Campus Reform | Stanford to rely on fire dept, not police, to respond to some calls

Stanford to rely on fire dept, not police, to respond to some calls

Stanford University announced it will now rely on the Palo Alto Fire Department to transport students experiencing a mental health crisis from campus to a hospital.

The university previously utilized campus police but will now only do so in certain instances.

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Stanford University announced it will now rely on the Palo Alto, California Fire Department, not police, to transport students experiencing a mental health crisis from campus to a hospital. 

In a message from the executive leadership of the Associated Students of Stanford University (ASSU), the university explained that though it previously utilized campus police in such instances, it will now only do so in limited circumstances.

Previously, students undergoing psychiatric adversity would be evaluated by a police officer or mental health professional before being transported to an emergency room by campus police, which falls under the university’s Department of Public Safety (DPS)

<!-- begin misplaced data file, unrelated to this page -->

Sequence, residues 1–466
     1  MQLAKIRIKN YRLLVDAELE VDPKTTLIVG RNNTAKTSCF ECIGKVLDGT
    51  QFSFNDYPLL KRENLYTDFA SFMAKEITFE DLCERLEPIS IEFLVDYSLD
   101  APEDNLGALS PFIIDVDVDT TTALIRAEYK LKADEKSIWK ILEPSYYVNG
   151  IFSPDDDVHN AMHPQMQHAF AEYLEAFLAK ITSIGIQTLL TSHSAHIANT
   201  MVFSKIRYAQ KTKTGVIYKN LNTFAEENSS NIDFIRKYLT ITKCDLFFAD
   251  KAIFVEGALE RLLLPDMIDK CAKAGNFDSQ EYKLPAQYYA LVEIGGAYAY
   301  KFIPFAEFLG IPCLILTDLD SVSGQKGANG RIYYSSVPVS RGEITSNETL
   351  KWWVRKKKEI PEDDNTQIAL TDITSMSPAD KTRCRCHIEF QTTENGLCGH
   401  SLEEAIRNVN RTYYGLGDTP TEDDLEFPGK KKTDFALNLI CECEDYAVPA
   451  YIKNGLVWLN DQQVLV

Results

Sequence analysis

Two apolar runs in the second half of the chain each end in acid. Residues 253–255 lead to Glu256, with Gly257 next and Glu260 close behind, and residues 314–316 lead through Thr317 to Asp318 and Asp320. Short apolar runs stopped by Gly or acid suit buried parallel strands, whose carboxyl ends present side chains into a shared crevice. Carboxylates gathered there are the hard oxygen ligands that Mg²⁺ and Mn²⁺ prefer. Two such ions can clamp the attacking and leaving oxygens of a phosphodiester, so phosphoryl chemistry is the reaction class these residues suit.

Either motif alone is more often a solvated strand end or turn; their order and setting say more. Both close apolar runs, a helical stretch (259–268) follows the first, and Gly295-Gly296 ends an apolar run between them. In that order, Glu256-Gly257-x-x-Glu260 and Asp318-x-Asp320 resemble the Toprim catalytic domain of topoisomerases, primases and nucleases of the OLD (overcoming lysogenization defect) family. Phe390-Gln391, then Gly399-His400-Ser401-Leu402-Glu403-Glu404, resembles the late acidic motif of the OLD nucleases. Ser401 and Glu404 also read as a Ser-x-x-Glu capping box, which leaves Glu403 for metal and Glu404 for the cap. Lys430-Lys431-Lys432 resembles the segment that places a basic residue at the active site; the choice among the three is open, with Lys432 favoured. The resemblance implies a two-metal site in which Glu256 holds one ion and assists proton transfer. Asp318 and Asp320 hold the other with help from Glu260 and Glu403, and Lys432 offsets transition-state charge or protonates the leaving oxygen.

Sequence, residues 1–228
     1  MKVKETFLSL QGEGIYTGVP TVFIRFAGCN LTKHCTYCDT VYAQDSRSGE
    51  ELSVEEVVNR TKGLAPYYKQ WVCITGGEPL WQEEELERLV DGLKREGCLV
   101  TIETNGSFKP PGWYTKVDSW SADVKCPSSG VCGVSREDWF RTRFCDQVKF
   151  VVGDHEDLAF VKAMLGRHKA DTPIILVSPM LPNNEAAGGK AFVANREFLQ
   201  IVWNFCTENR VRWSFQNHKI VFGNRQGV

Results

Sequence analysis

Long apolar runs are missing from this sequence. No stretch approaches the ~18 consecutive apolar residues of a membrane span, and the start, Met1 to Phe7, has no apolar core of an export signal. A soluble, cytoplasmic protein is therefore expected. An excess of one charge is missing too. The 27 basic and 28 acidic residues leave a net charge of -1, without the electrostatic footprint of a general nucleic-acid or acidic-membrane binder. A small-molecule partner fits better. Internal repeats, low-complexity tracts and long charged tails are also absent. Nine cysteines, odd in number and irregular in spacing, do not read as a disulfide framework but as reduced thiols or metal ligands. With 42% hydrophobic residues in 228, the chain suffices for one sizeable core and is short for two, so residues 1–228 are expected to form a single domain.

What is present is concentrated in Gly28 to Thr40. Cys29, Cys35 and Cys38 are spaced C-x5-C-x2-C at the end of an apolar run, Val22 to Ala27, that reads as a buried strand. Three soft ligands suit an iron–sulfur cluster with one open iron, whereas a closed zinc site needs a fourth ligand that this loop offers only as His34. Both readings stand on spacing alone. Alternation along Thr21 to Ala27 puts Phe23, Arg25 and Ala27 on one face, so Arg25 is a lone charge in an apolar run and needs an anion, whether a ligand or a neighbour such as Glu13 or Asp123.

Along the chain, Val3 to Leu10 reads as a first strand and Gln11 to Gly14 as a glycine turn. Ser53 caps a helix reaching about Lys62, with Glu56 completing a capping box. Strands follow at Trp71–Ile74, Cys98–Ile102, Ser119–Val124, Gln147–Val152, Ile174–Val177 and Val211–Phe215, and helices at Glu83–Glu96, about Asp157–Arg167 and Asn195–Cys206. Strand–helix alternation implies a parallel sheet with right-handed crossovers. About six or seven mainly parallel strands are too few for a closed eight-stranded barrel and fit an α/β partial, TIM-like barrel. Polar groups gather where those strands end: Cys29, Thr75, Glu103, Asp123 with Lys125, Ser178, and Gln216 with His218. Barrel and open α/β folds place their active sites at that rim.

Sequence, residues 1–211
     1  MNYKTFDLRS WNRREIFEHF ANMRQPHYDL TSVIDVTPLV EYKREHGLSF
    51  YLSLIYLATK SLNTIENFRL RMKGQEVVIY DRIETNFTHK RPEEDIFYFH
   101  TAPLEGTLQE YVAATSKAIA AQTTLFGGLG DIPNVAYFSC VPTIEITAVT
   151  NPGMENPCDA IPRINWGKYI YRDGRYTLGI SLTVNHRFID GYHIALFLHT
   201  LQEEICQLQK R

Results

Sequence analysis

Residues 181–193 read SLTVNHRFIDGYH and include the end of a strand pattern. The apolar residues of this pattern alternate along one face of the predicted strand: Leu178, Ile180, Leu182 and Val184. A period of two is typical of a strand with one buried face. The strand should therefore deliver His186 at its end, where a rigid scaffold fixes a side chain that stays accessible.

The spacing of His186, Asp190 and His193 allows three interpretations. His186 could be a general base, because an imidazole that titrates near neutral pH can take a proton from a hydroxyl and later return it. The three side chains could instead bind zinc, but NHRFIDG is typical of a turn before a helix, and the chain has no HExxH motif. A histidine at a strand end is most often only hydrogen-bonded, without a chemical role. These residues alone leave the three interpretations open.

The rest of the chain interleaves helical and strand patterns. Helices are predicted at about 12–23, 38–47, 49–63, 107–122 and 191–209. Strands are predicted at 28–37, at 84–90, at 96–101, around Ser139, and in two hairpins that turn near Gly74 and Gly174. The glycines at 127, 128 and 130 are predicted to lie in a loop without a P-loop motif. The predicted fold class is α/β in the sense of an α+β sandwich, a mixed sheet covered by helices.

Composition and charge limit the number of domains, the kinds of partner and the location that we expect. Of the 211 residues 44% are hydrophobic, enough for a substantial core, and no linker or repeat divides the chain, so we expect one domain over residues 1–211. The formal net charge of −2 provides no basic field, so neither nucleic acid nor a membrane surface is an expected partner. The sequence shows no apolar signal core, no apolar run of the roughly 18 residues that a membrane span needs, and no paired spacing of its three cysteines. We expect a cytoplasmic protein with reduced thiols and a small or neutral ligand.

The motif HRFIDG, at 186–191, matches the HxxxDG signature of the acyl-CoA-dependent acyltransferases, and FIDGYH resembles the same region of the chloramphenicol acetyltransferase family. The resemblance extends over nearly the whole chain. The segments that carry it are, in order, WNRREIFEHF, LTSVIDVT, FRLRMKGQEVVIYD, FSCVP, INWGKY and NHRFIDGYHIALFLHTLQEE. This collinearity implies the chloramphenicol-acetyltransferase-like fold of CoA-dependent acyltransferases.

However, moving forward, most transports to the hospital will be provided by an ambulance from the city’s fire department, separate from DPS, which will include a fee. 

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Though the transport by ambulance will require a fee, the school said it believes that in “most cases” student health insurance will cover it. Stanford said it would work with students experiencing financial concerns. 

“We see this as a great deal of progress in a short period of time,” the letter from Vice Provost for Student Affairs Susie Brubaker-Cole and Director of Counseling and Psychological Services Bina Pulkit Patel said.

The university stated that it is evaluating additional options to handle students with mental health concerns. One potential alternative is a “multi-disciplinary mobile crisis team” that will “take more time to develop and will require the identification of additional resources.”

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“We look forward to continuing discussions with you on how we can best respond to students and their wide range of mental health needs,” Brubaker-Cole and Patel concluded in their letter.

Campus Reform reached out to Stanford University for comment but did not hear back in time for publication.

Follow the author of this article on Twitter: @JezzamineWolk.